called the US Laboratory. This is a place where a lot of
scientific research happens. A little rearranging was necessary so that Destiny could be installed. March 2001 came the addition of the External Stowage
Platform 1, or ESP-1. This was a place to store
spare parts for the station. Canada made a vital
contribution with the Canadarm2. It’s a robotic arm that can help around the outside of the station. It’s usually controlled by an astronaut who’s on the inside of the station. Either end of the arm can be attached to one of these grapple fixtures that you’ll find on various modules. The Quest airlock allows the
astronauts to safely step outside for a few hours to perform an EVA, also known as a spacewalk. This is a Russian module called Pirs. It can be used as an
airlock for spacewalks or as a docking port to
allow visiting spacecraft to attach to the station. Now we get to start building
the integrated truss structure. If you remember from earlier, this is kind of like the
backbone of the station. Our first piece is the S0 Truss, and it gets attached to the
top of the Destiny module. The Mobile remote servicer Base System, or MBS, was added next. This platform can move along the truss. It’s especially useful when
the Canadarm2 is attached. Then the S1 Truss was added
followed by the P1 Truss. The S stands for starboard
and the P stands for port. This way, you know on which
side of the station it’s on. Each side has room for
three more radiator panels. For now, only the center
ones will be installed. ESP-2 was added to the station right next to the Quest airlock. This is the P3/P4 Truss
segments with solar arrays and another radiator panel. The tiny P5 Truss goes at the end here. To balance out the station, we’ll have to retract a few panels. The following year, the other sides of the truss were added as well. ESP-3 goes down here. And then the P6 Truss can be moved to its final resting place. It’s also time to deploy a
few more radiator panels. The Harmony module is also called Node 2. It will be attached to the
forward end of Destiny. But first, we have to do
some more rearranging. Harmony has six docking
ports which will allow for further expansion of the station. Next comes the Columbus module, which is a European laboratory. Now we get some more robotics
also built by Canada. This is a space robot called Dextre. It can attach to the same grapple fixtures that are used by the Canadarm2. In fact, Dextre is most
useful when it’s attached to the end of the Canadarm2. The largest module is the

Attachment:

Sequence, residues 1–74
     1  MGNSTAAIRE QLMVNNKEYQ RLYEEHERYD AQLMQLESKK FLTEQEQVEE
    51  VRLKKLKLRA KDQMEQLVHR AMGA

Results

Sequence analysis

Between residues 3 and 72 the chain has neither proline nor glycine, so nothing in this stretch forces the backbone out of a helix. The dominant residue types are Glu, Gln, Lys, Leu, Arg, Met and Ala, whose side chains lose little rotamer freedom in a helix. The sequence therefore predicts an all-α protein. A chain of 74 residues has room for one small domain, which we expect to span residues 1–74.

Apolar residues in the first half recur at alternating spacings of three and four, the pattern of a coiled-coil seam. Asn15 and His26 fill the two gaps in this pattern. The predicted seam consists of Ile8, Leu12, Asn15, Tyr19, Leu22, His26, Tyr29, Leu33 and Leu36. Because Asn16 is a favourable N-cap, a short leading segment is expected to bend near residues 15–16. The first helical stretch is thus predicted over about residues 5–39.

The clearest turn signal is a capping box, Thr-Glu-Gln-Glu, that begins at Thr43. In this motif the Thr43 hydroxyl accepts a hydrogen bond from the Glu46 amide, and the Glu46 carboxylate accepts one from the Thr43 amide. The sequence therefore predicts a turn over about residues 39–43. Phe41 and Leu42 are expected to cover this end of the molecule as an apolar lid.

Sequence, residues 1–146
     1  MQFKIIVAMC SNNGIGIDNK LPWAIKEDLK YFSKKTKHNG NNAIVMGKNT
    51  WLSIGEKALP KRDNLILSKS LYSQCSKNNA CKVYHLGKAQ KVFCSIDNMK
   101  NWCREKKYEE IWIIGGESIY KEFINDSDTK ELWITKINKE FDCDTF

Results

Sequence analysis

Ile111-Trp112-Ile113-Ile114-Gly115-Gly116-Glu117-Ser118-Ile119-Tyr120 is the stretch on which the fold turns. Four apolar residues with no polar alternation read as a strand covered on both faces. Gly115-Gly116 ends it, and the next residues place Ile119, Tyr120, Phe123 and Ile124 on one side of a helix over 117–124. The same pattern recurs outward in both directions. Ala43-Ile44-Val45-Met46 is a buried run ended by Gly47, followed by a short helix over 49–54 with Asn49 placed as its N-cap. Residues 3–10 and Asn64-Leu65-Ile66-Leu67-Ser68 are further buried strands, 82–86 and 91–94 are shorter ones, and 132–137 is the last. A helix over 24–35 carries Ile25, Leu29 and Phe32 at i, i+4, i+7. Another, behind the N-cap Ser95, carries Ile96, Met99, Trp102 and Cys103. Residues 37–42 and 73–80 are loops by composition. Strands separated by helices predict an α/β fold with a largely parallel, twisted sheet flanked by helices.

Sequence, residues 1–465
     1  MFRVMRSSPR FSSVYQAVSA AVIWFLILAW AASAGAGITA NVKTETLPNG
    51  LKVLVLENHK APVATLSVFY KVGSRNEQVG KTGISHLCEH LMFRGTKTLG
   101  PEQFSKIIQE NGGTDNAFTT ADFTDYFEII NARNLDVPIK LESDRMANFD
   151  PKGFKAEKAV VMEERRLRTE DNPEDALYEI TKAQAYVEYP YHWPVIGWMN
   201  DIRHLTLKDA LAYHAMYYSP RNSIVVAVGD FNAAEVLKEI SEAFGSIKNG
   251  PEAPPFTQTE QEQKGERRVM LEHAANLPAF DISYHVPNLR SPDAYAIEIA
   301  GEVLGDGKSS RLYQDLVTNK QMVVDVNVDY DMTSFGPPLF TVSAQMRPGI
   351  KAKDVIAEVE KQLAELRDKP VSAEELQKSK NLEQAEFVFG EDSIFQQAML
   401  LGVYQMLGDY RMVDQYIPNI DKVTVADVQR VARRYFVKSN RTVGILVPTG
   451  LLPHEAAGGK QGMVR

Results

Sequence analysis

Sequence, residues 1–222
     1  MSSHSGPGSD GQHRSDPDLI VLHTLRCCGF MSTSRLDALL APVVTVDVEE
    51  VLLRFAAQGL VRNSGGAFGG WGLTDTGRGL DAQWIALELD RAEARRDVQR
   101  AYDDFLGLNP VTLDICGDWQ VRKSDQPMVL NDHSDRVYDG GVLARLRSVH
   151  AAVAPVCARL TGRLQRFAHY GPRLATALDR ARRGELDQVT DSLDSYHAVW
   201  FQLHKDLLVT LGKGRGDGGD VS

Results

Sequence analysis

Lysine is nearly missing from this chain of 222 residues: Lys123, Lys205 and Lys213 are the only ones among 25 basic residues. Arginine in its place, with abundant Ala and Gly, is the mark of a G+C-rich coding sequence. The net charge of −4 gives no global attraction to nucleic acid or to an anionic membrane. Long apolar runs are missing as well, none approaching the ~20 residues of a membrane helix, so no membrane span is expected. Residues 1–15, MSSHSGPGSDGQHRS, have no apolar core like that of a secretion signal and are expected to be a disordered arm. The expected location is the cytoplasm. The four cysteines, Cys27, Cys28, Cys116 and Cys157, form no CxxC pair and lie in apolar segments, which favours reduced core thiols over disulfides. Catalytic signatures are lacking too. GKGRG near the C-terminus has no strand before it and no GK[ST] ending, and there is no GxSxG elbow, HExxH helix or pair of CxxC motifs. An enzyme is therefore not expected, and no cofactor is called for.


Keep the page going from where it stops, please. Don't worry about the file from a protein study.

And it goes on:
Japanese Experiment Module, also known as Kibo. It came up to the station
in several pieces. It even has its own robotic arm. Finally, we have the S6 Truss, the last of the truss segments. Now we’re starting to look a little more
like the space station. These solar arrays will be rotated so that they face towards the sun. This helps the arrays generate
more power for the station. The Japanese Experiment
Module has one last addition. It’s called the Japanese Exposed Facility. This allows research to be
conducted in the vacuum of space. The Russian module Poisk
is very similar to Pirs. It was another place for
Russian spacecraft to dock. This is the first ExPRESS
Logistic Carrier, or ELC-1. This is a place to store hardware to help the station work correctly. ELC-2 was installed on
top of the truss here. The Tranquility module,
also known as Node 3, is added to the side of Unity. On the bottom side of
Tranquility is a small room called the Cupola. This has seven windows
from which to see the view. Each window has a cover that can be closed when they are not in use. Then came another Russian
module called Rassvet. This was used for storage
and as another docking port. The Leonardo module is used for storage of supplies and waste. The trash will build up here until it can be removed from the station. Here’s ELC-3 and -4. This is a science experiment called the Alpha Magnetic Spectrometer. It’s used to study rare
particles such as antimatter. A more recent addition to the station is called the Bigelow
Expandable Activity Module, or BEAM for short. It takes up a small amount
of space during launch and then inflated once
attached to the station. BEAM is an experiment to see if this kind of technology can work. The ISS only has funding through 2025. But hopefully, that will be extended. After that, we may see pieces
of the station repurposed for other projects in space. I want to thank my supporters on Patreon for helping me make this video. This won’t be the last time
you’ll see an animation from me about the
International Space Station. Stay tuned and let me know what you want to see next, in the comments below. I’m Jared Owen. Thanks for watching. (gentle music)